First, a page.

Selangor Journal

Special loan for civil servants facing bankruptcy

I have taken note of the issue of over 49,000 civil servants facing bankruptcy for failing to manage their debts.
Quoting Congress of Union of Employees in the Public and Civil Services Malaysia (CUEPACS) President, Datuk Azih Muda, civil servants are found to be taking personal loans from financial institutions, exceeding their salary payment capabilities.
For me, this situation happens as they lack the financial means to cover basic necessities and the increasing cost of living with the additional burden of Goods and Service Tax (GST).

  1. Therefore, I ask the government to find a new alternative to help civil servants by organising some special loans, where payment can be made through deductions in their pensions or bonuses.

This will make it easier for them to make any loan without having to cut their monthly salary.

  1. In the worsening current economic trend, people are struggling with the increasing cost of living, forcing them to do extra work to make ends meet. Many civil servants are already working on two jobs at one time. Some sell food, work in fast-food restaurants, in fact some also become Uber and Grab Car drivers to get additional income.

Hasan-Karim3. Taking into account the number of civil servants facing bankruptcy in excess of 49,000, I urge the government to review their salaries to be at par with private sector employees.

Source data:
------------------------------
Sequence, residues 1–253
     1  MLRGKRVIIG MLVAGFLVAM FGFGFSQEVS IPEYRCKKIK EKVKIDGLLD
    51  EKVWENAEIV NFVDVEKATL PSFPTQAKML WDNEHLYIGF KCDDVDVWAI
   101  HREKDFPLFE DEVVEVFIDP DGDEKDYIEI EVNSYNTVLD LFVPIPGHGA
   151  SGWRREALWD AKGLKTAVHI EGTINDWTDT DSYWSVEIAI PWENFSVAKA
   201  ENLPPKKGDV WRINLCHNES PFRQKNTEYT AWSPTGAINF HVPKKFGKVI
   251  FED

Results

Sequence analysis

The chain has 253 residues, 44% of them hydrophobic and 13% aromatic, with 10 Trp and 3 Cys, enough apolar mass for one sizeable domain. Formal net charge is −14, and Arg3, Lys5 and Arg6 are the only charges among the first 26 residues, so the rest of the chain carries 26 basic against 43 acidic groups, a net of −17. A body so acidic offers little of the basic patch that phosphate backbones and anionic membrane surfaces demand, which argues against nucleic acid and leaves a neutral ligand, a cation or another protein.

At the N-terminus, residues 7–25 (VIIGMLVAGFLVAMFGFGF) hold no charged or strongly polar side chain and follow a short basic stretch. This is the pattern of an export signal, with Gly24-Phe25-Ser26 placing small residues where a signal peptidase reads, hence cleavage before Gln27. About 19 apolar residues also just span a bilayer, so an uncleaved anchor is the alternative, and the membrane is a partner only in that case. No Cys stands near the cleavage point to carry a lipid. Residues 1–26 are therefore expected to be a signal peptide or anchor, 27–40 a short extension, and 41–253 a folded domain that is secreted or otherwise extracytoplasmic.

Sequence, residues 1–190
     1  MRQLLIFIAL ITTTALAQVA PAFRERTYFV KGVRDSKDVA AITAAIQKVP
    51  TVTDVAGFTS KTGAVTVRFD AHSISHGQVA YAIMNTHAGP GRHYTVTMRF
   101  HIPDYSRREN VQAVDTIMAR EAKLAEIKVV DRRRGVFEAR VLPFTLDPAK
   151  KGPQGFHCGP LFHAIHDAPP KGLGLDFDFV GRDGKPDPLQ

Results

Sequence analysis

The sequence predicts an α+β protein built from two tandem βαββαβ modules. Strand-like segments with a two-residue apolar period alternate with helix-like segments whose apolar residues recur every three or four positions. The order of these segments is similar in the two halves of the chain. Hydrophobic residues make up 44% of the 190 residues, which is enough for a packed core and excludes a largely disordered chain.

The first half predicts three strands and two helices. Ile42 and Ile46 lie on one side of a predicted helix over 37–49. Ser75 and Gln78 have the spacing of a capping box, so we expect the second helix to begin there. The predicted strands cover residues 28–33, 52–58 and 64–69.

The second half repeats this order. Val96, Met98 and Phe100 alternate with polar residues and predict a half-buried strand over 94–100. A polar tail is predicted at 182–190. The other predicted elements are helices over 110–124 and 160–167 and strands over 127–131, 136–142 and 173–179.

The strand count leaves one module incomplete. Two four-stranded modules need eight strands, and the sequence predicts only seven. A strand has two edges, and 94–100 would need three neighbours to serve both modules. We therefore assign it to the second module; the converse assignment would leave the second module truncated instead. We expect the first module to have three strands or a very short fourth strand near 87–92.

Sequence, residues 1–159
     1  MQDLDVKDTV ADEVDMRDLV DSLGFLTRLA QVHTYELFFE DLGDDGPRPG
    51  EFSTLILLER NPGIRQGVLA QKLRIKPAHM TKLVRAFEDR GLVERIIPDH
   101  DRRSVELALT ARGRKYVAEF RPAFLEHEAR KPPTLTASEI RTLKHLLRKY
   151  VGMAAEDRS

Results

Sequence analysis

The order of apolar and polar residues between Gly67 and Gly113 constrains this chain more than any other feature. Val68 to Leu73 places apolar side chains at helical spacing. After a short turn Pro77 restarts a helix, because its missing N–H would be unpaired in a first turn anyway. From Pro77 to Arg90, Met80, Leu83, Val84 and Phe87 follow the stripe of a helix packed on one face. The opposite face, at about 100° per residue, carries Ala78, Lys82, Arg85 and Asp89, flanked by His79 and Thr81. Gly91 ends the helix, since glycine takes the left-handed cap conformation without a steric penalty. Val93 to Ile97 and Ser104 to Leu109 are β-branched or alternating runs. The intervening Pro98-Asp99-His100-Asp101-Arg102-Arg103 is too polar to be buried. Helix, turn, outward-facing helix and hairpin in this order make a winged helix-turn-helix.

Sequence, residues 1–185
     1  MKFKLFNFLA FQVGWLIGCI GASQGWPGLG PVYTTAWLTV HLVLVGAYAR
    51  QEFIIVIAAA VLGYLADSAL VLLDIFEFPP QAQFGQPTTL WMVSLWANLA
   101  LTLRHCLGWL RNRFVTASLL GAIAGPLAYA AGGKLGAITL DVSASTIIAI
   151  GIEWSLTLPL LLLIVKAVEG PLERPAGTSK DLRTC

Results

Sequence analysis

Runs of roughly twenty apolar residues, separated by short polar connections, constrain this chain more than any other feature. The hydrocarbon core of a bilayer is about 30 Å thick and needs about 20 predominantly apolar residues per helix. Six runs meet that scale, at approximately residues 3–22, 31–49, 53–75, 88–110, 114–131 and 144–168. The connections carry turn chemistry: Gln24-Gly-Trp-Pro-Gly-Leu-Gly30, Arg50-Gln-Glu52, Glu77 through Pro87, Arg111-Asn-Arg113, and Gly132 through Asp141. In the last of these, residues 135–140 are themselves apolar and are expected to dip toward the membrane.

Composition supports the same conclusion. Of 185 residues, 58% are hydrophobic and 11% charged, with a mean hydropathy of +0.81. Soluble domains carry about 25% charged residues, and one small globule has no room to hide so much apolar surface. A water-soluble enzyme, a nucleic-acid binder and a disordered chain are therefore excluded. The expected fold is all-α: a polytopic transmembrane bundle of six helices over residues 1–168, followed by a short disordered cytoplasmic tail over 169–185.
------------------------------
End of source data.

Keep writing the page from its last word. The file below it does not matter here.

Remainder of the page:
As recommended by Cuepacs before, the government should emulate the system implemented by the National Co-operative Movement of Malaysia (ANGKASA) which is the Credit Reporting System (Spekar), with a record of civil servants.
4. In addition, the government should also provide them with financial management programmes and monitor their luxury spending in excess of monthly incomes
In addition, the government should provide soft loans for them to overcome crisis in the short and long term, with strict policies for civil servants to take up loans for purchases like houses and cars.
This is because, the Khazanah Research Institute’s (KRI) report warned that household debt of almost 90 percent the country’s Gross Domestic Product (GDP) is an alarming rate.
The largest component of household debt is housing loan which is more than 40 percent. That is the reason Bank Negara Malaysia (BNM) has imposed several rules to control this debt.
* Karim Hassan is the Chairman of Johor KEADILAN

Top Picks

Labohan Water Treatment Service Plant Handover

Editor Selangor Journal

Azmin – I Deny This Vicious Libel Upon Me

Environmental Concerns Inspire Lecturer to Innovate Bamboo Straw